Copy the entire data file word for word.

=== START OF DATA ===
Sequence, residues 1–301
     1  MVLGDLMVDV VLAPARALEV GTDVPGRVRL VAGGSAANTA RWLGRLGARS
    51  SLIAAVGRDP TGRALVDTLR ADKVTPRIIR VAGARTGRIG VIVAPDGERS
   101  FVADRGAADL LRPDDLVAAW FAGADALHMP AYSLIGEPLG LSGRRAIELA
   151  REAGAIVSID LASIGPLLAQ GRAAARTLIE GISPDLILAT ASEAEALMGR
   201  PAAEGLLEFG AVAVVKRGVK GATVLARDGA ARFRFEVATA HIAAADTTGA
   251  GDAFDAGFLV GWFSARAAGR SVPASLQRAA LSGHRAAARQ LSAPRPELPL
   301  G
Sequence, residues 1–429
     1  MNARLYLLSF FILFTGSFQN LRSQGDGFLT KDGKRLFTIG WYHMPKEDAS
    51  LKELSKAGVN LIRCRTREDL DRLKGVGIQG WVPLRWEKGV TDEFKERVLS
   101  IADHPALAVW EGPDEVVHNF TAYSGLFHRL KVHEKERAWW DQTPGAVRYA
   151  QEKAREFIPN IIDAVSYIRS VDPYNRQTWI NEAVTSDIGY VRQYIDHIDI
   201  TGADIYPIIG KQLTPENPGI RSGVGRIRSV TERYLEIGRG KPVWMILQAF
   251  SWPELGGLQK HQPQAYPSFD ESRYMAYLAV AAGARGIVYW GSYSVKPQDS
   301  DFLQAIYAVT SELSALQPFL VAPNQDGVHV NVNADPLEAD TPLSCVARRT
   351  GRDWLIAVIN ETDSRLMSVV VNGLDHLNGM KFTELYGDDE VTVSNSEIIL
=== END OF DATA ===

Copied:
Sequence, residues 1–301
     1  MVLGDLMVDV VLAPARALEV GTDVPGRVRL VAGGSAANTA RWLGRLGARS
    51  SLIAAVGRDP TGRALVDTLR ADKVTPRIIR VAGARTGRIG VIVAPDGERS
   101  FVADRGAADL LRPDDLVAAW FAGADALHMP AYSLIGEPLG LSGRRAIELA
   151  REAGAIVSID LASIGPLLAQ GRAAARTLIE GISPDLILAT ASEAEALMGR
   201  PAAEGLLEFG AVAVVKRGVK GATVLARDGA ARFRFEVATA HIAAADTTGA
   251  GDAFDAGFLV GWFSARAAGR SVPASLQRAA LSGHRAAARQ LSAPRPELPL
   301  G
Sequence, residues 1–429
     1  MNARLYLLSF FILFTGSFQN LRSQGDGFLT KDGKRLFTIG WYHMPKEDAS
    51  LKELSKAGVN LIRCRTREDL DRLKGVGIQG WVPLRWEKGV TDEFKERVLS
   101  IADHPALAVW EGPDEVVHNF TAYSGLFHRL KVHEKERAWW DQTPGAVRYA
   151  QEKAREFIPN IIDAVSYIRS VDPYNRQTWI NEAVTSDIGY VRQYIDHIDI
   201  TGADIYPIIG KQLTPENPGI RSGVGRIRSV TERYLEIGRG KPVWMILQAF
   251  SWPELGGLQK HQPQAYPSFD ESRYMAYLAV AAGARGIVYW GSYSVKPQDS
   301  DFLQAIYAVT SELSALQPFL VAPNQDGVHV NVNADPLEAD TPLSCVARRT
   351  GRDWLIAVIN ETDSRLMSVV VNGLDHLNGM KFTELYGDDE VTVSNSEIIL